How 7 Brands Are Engaging Gen Zers with Roblox Experiences

Gaming platforms in the metaverse have become an essential part of younger generations’ daily digital lives as they offer a highly interactive way to connect and socialize virtually, with a heightened focus on personalization. Roblox is one of the largest metaverse platforms at 65.5 million active users daily spending an average of 2.6 hours on the platform, with over half of the Roblox community in Gen Alpha, younger than age 13

The online gaming and open game creation system allows anyone to create and play games. Users of the platform represent themselves as one of two types of avatar styles that Roblox supports. The accessories that Roblox avatars can wear are highly customizable, with an entire Roblox marketplace where people can buy and sell virtual avatar goods with the in-game currency called Robux; 1 in 5 Roblox users update their avatars daily.

Brands can optimize their Roblox experiences by building them with Obsess, and pairing them with a virtual store, empowering consumers to shop both physical and digital products. While the Roblox platform does not currently allow users to purchase physical items in the virtual experience, Obsess-powered virtual stores do via e-commerce integration. Creating a virtual experience that is accessible across platforms extends the reach of a single activation and speaks to different audience groups wherever they are. While Roblox has built-in reach amongst the youngest generation, Obsess enables brands to speak to a broader audience of shoppers in a highly branded, elevated format.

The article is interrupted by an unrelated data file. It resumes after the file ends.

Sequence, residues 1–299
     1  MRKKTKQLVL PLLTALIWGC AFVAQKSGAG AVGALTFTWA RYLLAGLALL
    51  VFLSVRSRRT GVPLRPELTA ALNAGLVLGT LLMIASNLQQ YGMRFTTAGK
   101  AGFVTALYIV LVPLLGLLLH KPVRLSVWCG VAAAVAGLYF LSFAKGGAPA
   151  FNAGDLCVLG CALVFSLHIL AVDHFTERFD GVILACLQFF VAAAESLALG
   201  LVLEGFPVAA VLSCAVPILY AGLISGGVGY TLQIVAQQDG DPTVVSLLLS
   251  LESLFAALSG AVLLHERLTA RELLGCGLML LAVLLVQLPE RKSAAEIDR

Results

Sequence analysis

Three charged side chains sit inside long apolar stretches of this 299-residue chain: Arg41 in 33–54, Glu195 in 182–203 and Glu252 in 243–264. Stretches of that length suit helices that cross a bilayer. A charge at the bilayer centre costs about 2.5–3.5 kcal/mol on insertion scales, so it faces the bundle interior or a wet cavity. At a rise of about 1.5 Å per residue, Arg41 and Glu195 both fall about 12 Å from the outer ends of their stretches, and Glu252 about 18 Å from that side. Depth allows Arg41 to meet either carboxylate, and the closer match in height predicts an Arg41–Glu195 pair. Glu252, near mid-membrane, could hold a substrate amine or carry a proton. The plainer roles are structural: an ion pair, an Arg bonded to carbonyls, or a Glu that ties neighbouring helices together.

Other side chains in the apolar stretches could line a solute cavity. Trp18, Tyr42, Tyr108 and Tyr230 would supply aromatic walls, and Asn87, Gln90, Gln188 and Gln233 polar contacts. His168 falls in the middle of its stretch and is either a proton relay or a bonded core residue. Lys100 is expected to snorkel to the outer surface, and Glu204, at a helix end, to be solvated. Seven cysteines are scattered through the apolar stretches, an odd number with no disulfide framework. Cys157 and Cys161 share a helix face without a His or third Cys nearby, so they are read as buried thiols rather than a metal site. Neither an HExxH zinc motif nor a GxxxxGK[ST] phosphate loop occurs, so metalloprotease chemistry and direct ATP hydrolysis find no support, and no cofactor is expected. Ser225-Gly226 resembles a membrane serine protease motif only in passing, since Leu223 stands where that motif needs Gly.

The number of brands and retailers creating experiences and selling virtual goods on Roblox is growing fast, gaining attention from high-profile multinational brands looking to reach its highly-engaged, youthful audience. In Q2 of 2023, users spent an average of $11.92 a day on the platform. The gaming platform reported $2.2 billion in annual revenue in 2022, up 16% from 2021. Roblox monetizes experiences by allowing brands and creators to sell digital items in their in-game stores or on its avatar marketplace in return for its virtual currency, which users can purchase using real-world money. 

Here are some experiences that brands have already created on Roblox:

1. The Ralph Lauren Winter Escape

Ralph Lauren ventured into Roblox with a limited-term experience called “The Ralph Lauren Winter Escape” that offered a digital collection of gender-neutral clothing. Avatars could wear up to eight sportswear looks and select items from the current collections. Ralph Lauren’s Roblox experience had new product drops on a weekly basis, from new looks to limited-edition accessories and surprise bonus items. Christina Wooton, Roblox’s Vice President for Global Partnerships, commented, “This new digital experience is meant to further express Ralph Lauren’s focus on digital innovation, following its virtual store experience [by Obsess] that debuted in 2020 allowing you to shop via AR.”